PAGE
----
Rydell lecture covers Thomas Jefferson

Elliot SteevesStaff Writer

Dr. Paul Finkelman is the new Rydell Scholarship Professor for the 2022-2023 school year. On Feb. 20, he delivered a lecture titled Thomas Jefferson: Apostle of Liberty or Father of American Racism?

The lecture was free and open to the public, as well as recorded and archived for the following week. It took place at 7 p.m. in Alumni Hall in the Johnson Student Union.

The College’s official description of the Rydell Scholarship reads as, “a scholar in residence program designed to bring Nobel Laureates and similarly distinguished scholars to the campus as catalysts to enhance learning and teaching. The Rydell Professorship was established in 1993 by Drs. Robert E. and Susan T. Rydell to give students the opportunity to learn from and interact with leading scholars.”

“How do we understand the third President?” wrote the Gustavus website in a description of the lecture. “Should we revere him, hold up our hands in horror, or both?”

The answer was both, but the horror was more present than one may imagine for the founding father.

Dr. Finkelman lectured extensively about how Jefferson was more than just a complex historical figure. Jefferson, for Dr. Finkelman, was a walking contradiction. He both wrote the Declaration of Independence, with the line “All men are created equal,” and actively referred to free Black people as, “pests on society.”

This scratched the surface of the depths of Jefferson’s character that Dr. Finkelman covered. He talked about how Jefferson sold 85 slaves to raise money, sometimes just for his personal wine. Per Dr. Finkelman, the same man who was behind the First Amendment allowing for freedom of religion had slaves enmeshed into his life.

Dr. Finkelman additionally talked about how Jefferson was an active white supremacist. He discussed how Jefferson actively thought of Black people as inferior to white people and would ignore evidence to the contrary. His ultimate emphasis was that, for all of what Jefferson wrote about human equality, he himself had completely missed the point in his life and with his views on black slaves.

“I thought it was insightful”, commented Senior Sophie Artley on the lecture. “He did a good job of applying [Jefferson] to issues today, which can sometimes be an issue for history.”

Dr. Finkelman did recognize the importance of Thomas Jefferson in examining our current position in the United States as well.

“I would be the last person to admit that [Jefferson] is extremely important to American History. It’s President’s Day and African American History Month…he’s a symbol of contrasting visions for our country,” said Dr. Finkelman.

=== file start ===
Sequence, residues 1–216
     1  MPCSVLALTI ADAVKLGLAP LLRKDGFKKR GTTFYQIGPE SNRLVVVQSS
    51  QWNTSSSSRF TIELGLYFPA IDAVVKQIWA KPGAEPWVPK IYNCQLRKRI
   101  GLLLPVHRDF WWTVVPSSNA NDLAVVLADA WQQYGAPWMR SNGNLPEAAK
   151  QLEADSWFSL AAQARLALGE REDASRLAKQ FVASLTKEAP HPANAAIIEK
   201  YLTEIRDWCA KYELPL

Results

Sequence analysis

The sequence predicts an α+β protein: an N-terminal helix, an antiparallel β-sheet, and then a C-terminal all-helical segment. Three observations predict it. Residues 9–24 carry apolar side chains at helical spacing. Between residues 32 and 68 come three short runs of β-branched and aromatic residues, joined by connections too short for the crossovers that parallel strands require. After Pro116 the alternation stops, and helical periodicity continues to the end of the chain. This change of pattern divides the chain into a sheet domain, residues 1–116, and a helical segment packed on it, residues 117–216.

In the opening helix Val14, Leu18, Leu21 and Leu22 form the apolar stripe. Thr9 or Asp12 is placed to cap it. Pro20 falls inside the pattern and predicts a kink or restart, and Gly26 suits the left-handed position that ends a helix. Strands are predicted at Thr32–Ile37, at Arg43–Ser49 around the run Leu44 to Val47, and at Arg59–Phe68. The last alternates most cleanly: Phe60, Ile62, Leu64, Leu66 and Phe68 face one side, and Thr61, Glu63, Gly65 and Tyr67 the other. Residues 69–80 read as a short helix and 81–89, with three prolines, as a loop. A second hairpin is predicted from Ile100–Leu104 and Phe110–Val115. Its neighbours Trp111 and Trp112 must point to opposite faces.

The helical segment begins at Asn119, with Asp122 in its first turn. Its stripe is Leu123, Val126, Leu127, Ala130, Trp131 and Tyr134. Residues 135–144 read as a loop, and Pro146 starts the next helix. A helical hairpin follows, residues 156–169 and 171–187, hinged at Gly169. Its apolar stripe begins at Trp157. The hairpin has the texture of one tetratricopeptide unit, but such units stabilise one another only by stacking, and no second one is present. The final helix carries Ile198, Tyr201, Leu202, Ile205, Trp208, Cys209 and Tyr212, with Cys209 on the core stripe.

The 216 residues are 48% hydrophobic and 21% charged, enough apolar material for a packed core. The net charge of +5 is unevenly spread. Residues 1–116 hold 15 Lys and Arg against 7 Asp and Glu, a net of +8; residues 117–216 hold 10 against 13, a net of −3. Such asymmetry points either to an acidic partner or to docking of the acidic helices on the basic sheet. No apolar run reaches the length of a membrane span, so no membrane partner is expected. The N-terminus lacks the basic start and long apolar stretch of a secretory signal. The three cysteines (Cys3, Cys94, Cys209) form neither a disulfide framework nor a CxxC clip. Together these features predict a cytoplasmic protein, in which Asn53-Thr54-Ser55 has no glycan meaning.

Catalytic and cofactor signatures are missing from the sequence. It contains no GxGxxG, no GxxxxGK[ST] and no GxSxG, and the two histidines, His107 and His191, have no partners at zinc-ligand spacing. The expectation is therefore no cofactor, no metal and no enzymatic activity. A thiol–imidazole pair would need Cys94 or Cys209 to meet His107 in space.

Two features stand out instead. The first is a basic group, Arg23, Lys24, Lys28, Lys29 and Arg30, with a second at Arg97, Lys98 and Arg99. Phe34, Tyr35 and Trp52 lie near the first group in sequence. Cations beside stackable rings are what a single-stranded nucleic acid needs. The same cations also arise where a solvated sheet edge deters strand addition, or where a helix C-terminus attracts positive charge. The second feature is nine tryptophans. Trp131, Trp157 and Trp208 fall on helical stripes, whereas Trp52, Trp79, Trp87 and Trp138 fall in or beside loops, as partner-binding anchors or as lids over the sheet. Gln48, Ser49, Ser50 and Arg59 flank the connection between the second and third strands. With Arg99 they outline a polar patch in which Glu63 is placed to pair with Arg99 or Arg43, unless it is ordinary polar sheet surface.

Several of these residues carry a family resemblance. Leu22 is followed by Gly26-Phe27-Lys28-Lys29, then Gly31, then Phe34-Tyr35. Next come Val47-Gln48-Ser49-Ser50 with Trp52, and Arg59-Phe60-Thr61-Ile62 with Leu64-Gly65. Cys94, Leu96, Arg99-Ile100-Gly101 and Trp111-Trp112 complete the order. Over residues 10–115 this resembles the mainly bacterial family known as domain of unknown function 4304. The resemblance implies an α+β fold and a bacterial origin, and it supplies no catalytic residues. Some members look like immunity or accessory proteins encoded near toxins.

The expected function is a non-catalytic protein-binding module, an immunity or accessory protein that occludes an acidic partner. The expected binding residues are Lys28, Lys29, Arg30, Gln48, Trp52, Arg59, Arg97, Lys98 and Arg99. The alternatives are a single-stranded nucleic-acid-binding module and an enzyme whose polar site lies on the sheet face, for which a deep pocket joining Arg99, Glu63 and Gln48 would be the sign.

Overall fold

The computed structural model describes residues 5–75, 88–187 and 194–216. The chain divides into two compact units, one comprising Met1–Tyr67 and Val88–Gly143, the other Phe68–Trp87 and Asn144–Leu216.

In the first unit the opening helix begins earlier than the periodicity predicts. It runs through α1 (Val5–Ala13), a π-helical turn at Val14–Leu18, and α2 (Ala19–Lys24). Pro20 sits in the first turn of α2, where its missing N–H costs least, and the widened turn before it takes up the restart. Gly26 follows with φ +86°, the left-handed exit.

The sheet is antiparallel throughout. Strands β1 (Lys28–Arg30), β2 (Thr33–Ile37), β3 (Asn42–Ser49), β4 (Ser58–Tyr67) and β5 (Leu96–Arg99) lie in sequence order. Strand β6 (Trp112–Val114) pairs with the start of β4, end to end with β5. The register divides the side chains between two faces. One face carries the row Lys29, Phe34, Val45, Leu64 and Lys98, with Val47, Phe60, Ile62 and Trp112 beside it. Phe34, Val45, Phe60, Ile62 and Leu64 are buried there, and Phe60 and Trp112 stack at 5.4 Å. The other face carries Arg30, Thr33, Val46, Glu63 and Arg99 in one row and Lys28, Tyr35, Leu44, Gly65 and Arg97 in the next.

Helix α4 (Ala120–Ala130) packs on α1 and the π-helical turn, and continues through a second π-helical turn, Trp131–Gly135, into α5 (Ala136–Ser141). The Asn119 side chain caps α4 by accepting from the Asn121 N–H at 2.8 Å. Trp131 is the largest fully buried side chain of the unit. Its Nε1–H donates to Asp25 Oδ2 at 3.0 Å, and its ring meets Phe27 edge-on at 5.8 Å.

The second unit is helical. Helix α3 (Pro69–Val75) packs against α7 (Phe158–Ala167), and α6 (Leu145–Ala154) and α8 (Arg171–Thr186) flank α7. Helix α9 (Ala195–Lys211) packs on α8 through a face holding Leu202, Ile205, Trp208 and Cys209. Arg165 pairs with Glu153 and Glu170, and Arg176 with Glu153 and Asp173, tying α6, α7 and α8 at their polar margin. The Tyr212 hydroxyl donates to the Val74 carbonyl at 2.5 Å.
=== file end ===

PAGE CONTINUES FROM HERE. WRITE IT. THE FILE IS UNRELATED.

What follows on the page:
Dr. Finkelman is described by the Gustavus website as a specialist on American Legal History, US Constitutional Law, race and law, American Jewish history, and the law of American slavery, among other specialties. He is the author of over 200 articles and 50 books. His work has also been cited by the United States Supreme Court in four separate decisions.

Further, the Gustavus Adolphus College website says Dr. Finkelman has held many positions in his academic career. Not only is he the former president of Gratz College, but he has also taught at several universities, among them the University of Saskatchewan, Duke Law School, the University of Tulsa Law School, the Albany Law School, the University of Ottawa School of Law, and the University of Pittsburgh School of Law.

Greg Kaster, Professor of History at Gustavus Adolphus, sang the praises of Dr. Finkelman and also talked about how he was a slight break from the norm for the Rydell Scholarship.

“He is the leading scholar in slavery in the constitution and law,” emphasized Kaster. “He has that kind of caliber; there isn’t a Nobel prize in history, but he is an extremely distinguished historian.” Kaster also pointed out that the Rydell position is typically awarded to someone in a science or statistics field, so having a humanist was something that was overdue.

Kaster also brought attention to how important it was for students to see a historian at work in a real setting. “More than just reporting it, [Dr. Finkelman] will be modeling what it means to be a historian at the top of your game,” commented Kaster.

The Rydell Scholarship has a long history behind it of bringing renowned scholars to Gustavus Adolphus in residence. Barb Larson Taylor, Associate Vice President of Marketing and Communication, had much to say about the history of the position.

“The very first one was in 2010…[Robert and Susan Rydell] gave the money for this to happen because their son loved Gustavus. They saw what a difference Gustavus made for their son…They wanted to give students the opportunity to hear from professors and teaching, not at the level of these scholars,” said Taylor.

Taylor also commented on the feedback that she had received about the annual lecture from other students: “The people that come are academic all-stars. For some students, it’s neat that they’re meeting someone like that, a world-renowned expert in the field they’re studying.”

A further opportunity like the Rydell Scholarship Lecture will occur during the Lindell Residency in Conservative Thought. Lectures will be given by Glenn Loury on March 29 in Wallenberg Auditorium at 7 p.m., and by Rev Dr. Russell Moore in April 2023. This is another opportunity for students who missed out and want to get in touch with an academic of equally high regard.




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